The crowd was older, more ethnically diverse, ever so slightly better dressed than their equivalent cohort at a dubstep show (House fashion varies by sub-genre, still gathering data on that one). The private loft, emptied out save for some tasteful cylindrical spandex & strands of glowing LEDs wrapped around the lode-bearing steel, had  a dark, cavernous feel, with the visuals adding to the panache of the production. I headed to the dance floor to watch Matias Jofre drop what would turn out to be a masterful tag-team set with Kiwi.

I’ve been a fan of this guy since I was privileged enough to see him drop some amazing beats on a Sunday morning apartment party way back in 2010. His flavor of minimal techno, combined with dashes of worldbeat and tech house has always been at the top of my list when it comes to local DJs that are really keeping the feel of a good, globally minded dance floor alive. The bass oozed through the shadows in the space, the unadorned crowd kept moving, without a single energy drop, from the time I walked in the door as Matias was setting up, until he stepped off the decks hours later. At that point I remembered that I was a bit too excited for the opening act, as Jeff Mills took his place and the spaced out, respectful crowd pushed in a bit, to watch a master at work. And then, about 30 seconds in, he turned his back to the crowd and DJ’d…backwards.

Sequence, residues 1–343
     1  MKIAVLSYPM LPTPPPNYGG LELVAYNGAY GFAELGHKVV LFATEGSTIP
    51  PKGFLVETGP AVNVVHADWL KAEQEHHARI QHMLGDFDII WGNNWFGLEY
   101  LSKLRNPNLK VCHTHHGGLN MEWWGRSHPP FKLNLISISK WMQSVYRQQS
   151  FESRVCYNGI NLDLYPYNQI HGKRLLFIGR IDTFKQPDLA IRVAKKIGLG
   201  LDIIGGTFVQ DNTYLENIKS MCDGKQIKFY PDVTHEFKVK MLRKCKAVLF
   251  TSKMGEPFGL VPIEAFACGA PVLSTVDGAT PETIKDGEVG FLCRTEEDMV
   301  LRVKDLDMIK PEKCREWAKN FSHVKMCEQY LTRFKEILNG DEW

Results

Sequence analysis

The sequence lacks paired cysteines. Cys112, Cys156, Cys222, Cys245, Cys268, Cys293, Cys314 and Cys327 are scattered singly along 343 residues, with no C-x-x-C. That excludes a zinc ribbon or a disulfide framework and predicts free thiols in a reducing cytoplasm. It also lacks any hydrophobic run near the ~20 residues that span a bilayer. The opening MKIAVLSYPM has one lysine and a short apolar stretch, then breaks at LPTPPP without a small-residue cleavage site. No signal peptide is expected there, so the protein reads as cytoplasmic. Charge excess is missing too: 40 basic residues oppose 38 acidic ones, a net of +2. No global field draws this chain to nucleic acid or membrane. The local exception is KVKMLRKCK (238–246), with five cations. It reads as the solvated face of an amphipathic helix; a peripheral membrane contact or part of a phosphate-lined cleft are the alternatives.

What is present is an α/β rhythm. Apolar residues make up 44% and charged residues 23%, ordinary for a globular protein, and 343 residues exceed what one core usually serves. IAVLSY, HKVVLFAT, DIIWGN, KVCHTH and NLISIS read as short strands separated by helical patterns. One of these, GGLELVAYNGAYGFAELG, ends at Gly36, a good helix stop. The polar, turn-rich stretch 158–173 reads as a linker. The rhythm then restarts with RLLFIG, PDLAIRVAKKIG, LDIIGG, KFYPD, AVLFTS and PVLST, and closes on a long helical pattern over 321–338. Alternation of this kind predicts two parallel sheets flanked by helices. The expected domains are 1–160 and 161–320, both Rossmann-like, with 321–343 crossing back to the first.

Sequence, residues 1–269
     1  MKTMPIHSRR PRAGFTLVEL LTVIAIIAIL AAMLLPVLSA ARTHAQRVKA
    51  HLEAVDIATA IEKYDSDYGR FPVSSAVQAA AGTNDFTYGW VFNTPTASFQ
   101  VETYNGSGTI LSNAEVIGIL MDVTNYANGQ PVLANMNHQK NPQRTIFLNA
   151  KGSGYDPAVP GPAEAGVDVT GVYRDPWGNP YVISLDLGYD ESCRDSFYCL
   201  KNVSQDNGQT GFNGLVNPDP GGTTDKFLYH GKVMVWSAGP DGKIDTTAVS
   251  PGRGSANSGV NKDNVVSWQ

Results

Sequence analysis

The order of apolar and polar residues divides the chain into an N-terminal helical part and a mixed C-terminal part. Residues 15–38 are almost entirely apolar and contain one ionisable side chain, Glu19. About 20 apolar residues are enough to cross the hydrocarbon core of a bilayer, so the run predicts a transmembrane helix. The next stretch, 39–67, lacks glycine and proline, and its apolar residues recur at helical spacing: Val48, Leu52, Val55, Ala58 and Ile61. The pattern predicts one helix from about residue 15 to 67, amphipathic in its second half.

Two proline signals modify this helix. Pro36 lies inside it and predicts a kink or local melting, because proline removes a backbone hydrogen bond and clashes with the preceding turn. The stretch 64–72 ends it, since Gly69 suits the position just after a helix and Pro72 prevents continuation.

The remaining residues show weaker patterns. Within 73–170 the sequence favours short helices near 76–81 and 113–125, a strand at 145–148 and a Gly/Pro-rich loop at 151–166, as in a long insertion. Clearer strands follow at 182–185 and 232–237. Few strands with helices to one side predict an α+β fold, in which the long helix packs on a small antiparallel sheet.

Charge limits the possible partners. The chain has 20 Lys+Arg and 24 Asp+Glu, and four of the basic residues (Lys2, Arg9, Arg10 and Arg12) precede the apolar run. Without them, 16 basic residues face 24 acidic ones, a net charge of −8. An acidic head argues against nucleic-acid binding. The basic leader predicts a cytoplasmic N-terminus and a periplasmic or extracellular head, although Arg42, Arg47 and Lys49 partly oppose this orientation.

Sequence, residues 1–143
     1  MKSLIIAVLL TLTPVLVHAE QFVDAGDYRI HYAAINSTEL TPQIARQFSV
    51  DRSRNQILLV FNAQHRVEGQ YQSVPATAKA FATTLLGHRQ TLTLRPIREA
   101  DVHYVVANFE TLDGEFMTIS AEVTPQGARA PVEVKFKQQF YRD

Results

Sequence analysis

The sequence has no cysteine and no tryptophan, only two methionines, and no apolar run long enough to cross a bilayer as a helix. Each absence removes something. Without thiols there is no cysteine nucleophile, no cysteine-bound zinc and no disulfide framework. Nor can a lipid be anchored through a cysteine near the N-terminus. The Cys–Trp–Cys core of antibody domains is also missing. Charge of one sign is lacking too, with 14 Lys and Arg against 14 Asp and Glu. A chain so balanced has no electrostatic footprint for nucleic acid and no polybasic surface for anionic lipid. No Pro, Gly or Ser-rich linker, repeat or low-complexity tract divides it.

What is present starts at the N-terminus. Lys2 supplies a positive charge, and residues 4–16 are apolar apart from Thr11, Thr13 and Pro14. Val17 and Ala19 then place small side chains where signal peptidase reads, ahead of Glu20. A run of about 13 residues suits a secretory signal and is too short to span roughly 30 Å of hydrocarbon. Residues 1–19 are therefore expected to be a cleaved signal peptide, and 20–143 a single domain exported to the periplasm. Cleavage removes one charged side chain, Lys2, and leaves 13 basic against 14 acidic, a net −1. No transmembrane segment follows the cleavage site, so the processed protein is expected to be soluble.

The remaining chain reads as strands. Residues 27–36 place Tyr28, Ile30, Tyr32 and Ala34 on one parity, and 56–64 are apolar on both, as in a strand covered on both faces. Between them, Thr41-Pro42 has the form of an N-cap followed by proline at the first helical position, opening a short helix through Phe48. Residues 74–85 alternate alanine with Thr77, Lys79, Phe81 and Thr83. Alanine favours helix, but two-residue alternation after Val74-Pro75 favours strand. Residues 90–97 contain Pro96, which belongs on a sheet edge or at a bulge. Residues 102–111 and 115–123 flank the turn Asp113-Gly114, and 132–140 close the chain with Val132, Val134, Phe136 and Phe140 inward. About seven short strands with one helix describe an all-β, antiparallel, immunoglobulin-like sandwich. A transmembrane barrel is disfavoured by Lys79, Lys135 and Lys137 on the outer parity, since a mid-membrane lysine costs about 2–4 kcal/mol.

Now before I got all concerned that we’re in Brooklyn, and DJ’ing with your back to the audience is the new hipster thing, I checked his set up. Seems there was a big 909 machine facing us, and his decks couldn’t fit there, so they went behind him. That’s right folks, it’s just that his set up was too sick, not that he held subtle disdain for DJ worship culture. The techno was exactly what it needed to be. Sharp, light (almost fluffy at times), exceptionally well-produced, and had this deep groovy vibe that would have felt alien in the cold universe that techno can be at times. The dance floor had a chance to get up close and personal, with no raised DJ platform, so people got an intimate look at the man in the act of making the magic. He was definitely not playing from a pre-created mix as some other supposed luminaries have been known to do occasionally 😉